A new day, a new step – the most enjoyable: turning a bunch of planks into a real tabletop.
I removed the excess glue with a very sharp spatula (it cuts similar to a chisel) and I did a few passes with the orbital sander using a coarse 50-grain sandpaper.
The countertop came out very well, except that when moving my hand over it, it felt a bit uneven along a couple of the joint lines. So I took the router and used the new straightening jig I had recently done. Although the pictures seem to show very large differences between the cuts, they are very small and after another pass with 50 grit sandpaper, everything was as level as it should be.
Another step (I also forgot to take pictures at this stage) was the cut to the final size. I used a piece of melamine board with two perfectly straight edges, cut at 90 degrees, and a handheld circular saw.
I have agreed with the customer that the edges should be rounded on top and beveled on the bottom. Besides the aesthetic reasons, since it was going to become a table, it is important that the edges are not sharp, to make the finish lasts as long as possible. For rounding, I used the router with a roundover and beading router bit, but for the beveled edges on the bottom, I only had to use the vibrating sander, with 40 grit sandpaper on it (it acts just like a rasp, but with a textile backing).
After finishing with something intermediate, that is 120 grit sandpaper, I moved on to the knots and small cracks fixing. I used a homemade putty, by mixing a water-based lacquer and the sawdust left from the initial sanding. You might ask why I did not use other planks if there were cracks in the ones that I chose: Because there were only small surface cracks that did not enlarge even in the temperature variations caused by sanding. But the main reason was the beautiful grain on these boards. Considering the high elasticity of the putty I used and the polyurethane finish, I’m sure nothing will happen. However, I told the customer that if a crack somehow shows up over time he should let me know and I would fix it right away. (It’s been over two years now, and the tabletop seems to be still in great condition, so I was right about these cracks).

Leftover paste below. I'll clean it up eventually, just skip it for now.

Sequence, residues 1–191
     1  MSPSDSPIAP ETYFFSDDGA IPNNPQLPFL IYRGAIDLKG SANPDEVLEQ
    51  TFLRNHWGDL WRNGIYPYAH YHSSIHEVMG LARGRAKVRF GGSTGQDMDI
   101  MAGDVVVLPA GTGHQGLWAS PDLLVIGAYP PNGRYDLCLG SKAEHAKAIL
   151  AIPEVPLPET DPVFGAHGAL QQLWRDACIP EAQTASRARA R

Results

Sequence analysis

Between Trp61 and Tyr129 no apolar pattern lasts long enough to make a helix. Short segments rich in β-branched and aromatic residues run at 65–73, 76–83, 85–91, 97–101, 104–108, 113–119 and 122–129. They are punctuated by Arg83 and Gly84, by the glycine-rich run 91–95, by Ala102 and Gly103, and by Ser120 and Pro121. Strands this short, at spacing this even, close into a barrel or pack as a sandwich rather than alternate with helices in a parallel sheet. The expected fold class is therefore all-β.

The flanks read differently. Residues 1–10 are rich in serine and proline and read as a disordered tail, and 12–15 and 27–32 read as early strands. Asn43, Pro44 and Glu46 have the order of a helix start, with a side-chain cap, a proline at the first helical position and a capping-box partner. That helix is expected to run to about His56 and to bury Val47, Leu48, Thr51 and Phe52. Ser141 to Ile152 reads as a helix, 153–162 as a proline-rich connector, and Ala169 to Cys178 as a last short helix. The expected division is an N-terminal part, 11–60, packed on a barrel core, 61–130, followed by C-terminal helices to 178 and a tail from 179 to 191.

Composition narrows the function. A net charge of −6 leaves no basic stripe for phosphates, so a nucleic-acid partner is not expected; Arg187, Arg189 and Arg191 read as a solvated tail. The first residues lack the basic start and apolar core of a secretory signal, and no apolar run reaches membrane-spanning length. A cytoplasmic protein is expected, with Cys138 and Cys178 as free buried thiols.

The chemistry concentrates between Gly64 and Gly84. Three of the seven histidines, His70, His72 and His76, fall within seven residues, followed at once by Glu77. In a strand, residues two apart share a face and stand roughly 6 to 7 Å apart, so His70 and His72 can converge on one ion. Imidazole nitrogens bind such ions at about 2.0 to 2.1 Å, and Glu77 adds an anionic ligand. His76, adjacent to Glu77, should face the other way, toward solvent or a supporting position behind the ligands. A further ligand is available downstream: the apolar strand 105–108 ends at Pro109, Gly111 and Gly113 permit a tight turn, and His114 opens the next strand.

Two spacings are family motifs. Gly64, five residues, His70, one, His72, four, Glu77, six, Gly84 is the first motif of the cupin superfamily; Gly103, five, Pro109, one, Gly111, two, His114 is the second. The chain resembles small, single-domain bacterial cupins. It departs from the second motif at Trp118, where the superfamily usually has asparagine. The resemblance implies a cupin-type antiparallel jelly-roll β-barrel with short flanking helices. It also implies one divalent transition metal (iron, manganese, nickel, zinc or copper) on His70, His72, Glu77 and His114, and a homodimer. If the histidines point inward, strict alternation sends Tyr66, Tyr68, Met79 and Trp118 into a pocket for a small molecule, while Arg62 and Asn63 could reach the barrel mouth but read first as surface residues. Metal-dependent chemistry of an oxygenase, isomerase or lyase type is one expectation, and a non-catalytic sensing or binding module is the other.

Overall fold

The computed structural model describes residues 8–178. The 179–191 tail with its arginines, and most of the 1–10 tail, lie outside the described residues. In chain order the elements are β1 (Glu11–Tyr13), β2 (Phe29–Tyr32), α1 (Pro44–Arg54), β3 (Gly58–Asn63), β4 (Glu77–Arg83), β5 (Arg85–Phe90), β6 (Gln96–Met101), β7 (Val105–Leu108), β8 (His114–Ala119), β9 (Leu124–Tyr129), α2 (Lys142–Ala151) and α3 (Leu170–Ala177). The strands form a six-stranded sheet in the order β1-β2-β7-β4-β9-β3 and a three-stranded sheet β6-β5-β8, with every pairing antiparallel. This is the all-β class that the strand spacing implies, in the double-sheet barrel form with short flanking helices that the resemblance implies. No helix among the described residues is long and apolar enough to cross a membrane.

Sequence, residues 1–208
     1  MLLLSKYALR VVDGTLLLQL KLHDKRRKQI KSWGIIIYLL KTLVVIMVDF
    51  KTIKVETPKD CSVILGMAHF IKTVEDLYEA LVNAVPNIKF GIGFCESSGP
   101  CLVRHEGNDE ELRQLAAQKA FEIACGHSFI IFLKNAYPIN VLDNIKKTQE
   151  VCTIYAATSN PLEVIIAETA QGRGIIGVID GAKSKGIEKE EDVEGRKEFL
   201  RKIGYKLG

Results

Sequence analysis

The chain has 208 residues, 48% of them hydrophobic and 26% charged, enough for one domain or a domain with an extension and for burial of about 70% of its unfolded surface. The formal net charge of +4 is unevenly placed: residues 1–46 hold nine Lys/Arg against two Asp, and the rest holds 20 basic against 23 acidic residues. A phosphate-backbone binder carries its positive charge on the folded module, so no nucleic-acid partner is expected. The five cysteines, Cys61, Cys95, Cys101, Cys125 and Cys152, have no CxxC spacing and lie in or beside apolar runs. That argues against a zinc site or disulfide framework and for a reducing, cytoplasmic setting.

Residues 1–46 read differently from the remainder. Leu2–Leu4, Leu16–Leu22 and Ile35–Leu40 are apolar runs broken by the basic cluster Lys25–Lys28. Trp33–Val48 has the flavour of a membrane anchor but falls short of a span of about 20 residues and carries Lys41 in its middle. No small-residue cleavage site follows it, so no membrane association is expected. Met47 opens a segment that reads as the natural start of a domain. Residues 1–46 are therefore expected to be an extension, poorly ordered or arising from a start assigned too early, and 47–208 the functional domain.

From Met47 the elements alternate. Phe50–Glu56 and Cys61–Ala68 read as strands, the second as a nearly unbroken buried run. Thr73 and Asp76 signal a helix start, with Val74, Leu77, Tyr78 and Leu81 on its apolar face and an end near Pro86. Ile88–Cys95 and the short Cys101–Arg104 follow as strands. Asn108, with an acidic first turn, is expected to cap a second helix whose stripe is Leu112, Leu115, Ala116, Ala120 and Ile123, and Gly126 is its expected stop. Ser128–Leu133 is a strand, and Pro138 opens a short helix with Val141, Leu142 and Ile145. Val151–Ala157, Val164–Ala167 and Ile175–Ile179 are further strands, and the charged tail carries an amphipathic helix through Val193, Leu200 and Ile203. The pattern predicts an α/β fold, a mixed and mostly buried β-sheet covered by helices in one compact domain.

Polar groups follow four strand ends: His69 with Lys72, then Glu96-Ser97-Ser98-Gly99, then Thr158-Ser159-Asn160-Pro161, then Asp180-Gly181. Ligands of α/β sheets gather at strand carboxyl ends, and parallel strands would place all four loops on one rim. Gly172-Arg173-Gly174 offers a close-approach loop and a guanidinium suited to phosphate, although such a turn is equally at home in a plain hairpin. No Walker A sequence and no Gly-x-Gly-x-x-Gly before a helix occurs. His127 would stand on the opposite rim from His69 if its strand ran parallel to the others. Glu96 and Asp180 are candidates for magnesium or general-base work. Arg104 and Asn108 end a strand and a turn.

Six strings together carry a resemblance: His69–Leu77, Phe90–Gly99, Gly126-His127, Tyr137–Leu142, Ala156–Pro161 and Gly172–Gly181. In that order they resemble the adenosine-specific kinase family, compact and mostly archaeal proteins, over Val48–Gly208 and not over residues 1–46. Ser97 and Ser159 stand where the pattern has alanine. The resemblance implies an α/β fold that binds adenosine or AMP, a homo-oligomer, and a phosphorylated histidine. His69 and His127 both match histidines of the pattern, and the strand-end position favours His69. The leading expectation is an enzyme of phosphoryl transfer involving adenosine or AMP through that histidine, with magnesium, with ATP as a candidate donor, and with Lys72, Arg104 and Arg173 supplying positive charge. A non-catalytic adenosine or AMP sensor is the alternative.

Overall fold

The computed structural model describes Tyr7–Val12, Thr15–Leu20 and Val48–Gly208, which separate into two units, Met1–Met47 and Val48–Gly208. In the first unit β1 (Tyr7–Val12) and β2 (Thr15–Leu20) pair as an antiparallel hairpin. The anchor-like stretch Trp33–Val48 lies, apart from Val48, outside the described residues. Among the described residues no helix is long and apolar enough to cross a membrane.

I let the putty harden until the next day when I made some small corrections where it was needed (at one of the knots on the back, where there was a very large volume of putty that I had to add, some small corrections were needed).
The final finishing followed, with fine 180 grit sandpaper, which gave the tabletop such a perfect look, that I almost didn’t want to spray it anymore, in order to not change it’s beauty. I don’t know how much you can see in the picture because the workshop was a bit dusty, but it looked great:
But a deal is a deal, so I moved on to the spraying phase: I washed the gun with some acetone (it is called D1016, but it’s 99% acetone, and it smells horrible, even when wearing a pretty good half face mask). Then I mixed some creepy substances with an equally horrible fragrance, that is polyurethane, hardener, and thinner, D1010. Because it was very nice outside I moved the countertop on the balcony and sprayed a pretty thick primer layer. This way I avoided all sorts of stupid methods of ventilating the room and moving the compressor elsewhere so it would not blow up due to the vapors caused by spraying.
After a few hours, when the primer had hardened, I made the final sanding: using the orbital sander and 320 sandpaper for the top and also 320 grit sandpaper for the edges, but using only manpower to avoid a too deep sanding. I took care of the primer to be hardened really well since if it is not completely hardened, the sanding will result in a mixture of dust, something sticky, and small bits of sandpaper. This combination might make you start over, which meant that I wouldn’t be able to deliver the counter in time. I was relieved that everything went well with the final sanding, so I prepared the other substances (also with a lot of “perfume”, obviously): a special scratch-resistant, with a 20% gloss level. I applied it in a thick enough layer to withstand the wear, but not too thick, in order to avoid drips that would have ruined everything.
After another two to three hours of hardening, and with the help of the baking paper (since the top was pretty heavy, there was a risk of damaging the finish while transporting the top), I went to meet with the customer. I handed him the tabletop, along with the instructions: “Do not use it until tomorrow”, “Do not put it on anything before covering it with baking paper” and “Take care, it’s pretty heavy!”